MORE STAFF

Cindy Bink, director of counseling at City Tech, spoke about one of the central parts of the New Deal for CUNY legislation: the need for more full-time mental health counselors. “We need these positions because counselors must carry with them institutional knowledge that helps build ongoing relationships with students, faculty and staff and helps to create a community of support,” Bink said. “This is critical to student retention and degree completion. We already employ a high proportion of part-time staff and trainees. Overreliance on part-time staffing at low hourly wages or on outside contracted services tends to fragment efforts and produce large overhead costs related to excessive planning, recruitment, hiring, training, supervision and turnover. This results in compromised quality of services and insufficient continuity of care.”

She added, “As the COVID-relief funds are drying up, many of our centers are losing significant staffing, making this a vital moment to invest in our work. On June 30, we will lose around 40 full-time equivalent clinicians across the CUNY Counseling Centers. This equates to not being able to serve 13,000 students who need our help.”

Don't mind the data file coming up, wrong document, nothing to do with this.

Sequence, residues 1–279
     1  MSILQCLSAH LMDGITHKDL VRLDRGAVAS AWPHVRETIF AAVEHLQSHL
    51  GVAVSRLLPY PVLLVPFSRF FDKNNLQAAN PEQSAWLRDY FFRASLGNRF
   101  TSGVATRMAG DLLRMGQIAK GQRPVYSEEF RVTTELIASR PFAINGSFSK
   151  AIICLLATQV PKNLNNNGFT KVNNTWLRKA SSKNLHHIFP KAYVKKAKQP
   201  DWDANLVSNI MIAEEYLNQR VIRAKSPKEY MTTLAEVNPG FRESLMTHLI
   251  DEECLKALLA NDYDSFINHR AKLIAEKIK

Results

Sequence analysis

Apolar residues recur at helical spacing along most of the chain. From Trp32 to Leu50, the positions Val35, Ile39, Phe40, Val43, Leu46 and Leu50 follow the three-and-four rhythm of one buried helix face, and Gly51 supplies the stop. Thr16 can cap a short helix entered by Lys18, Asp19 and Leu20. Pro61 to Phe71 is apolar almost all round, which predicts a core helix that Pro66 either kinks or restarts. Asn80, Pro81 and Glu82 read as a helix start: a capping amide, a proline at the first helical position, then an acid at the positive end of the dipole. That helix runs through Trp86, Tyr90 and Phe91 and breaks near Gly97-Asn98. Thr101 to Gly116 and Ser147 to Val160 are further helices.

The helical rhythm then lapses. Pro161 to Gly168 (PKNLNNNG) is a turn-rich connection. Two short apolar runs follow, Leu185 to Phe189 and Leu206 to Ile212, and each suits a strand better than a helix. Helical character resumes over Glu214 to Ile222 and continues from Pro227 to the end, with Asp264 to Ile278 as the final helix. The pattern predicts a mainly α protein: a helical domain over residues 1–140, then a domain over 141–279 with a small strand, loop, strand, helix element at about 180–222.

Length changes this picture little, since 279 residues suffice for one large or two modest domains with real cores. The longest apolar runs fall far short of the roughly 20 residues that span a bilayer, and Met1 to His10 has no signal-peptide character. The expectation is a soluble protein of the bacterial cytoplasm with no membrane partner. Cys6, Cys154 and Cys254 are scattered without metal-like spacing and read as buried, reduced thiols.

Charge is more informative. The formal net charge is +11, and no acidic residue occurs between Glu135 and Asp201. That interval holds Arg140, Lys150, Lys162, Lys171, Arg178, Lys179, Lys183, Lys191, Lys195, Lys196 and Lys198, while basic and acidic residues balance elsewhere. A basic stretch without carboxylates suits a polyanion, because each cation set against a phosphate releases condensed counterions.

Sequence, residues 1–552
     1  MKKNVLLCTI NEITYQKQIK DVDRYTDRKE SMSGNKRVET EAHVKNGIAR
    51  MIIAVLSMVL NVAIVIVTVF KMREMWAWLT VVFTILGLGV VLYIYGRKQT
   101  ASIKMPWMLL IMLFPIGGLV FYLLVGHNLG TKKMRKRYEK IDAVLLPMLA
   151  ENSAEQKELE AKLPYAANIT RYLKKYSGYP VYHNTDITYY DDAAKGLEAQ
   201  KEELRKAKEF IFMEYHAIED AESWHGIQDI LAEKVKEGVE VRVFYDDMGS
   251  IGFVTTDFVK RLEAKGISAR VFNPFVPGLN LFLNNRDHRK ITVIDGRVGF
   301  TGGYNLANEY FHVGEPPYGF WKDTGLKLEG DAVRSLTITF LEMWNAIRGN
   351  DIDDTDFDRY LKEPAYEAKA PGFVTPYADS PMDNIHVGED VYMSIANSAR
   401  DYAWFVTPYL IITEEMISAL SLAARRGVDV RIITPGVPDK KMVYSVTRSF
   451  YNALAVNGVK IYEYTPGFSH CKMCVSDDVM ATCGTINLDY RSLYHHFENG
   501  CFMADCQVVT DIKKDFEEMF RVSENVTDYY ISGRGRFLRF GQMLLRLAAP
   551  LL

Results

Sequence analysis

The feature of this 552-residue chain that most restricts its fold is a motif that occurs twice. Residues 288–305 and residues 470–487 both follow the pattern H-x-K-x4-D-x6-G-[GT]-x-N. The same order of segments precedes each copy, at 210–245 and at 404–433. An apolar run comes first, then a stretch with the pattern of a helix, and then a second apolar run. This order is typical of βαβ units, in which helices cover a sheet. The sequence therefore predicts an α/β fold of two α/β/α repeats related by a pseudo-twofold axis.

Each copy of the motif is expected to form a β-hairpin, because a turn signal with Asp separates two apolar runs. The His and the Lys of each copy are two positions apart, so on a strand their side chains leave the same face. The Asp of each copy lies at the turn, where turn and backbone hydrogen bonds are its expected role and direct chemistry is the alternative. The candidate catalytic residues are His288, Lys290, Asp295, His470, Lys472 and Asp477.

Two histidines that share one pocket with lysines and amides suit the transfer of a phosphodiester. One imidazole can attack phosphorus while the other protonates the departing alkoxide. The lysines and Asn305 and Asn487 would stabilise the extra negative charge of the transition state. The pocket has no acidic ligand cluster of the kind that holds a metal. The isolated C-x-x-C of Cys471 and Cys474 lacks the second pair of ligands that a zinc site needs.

In an especially emotional testimony, Jasmina Sinanovi´c, an adjunct teaching at several campuses, spoke about how the cuts were hurting long-time adjuncts.

“I am an adjunct lecturer at [City College of New York (CCNY)] since 2007. I was also a student of CUNY. I am also an immigrant, a nonbinary human and a war survivor. I am here to remind you I am not a number,” Sinanovi´c said. “At the end of Spring 2020, Bronx Community College laid me off. [Because] I qualified for a three-year contract, I was too expensive for them. As an adjunct, I was expendable. In the middle of the pandemic, I was to be left without health insurance. Thanks to CCNY I did not [lose my insurance] but many of my colleagues did. It is now May again, and we are threatened again. How are we to support our students when we are not supported? How are we to focus on teaching when we are repeatedly threatened?”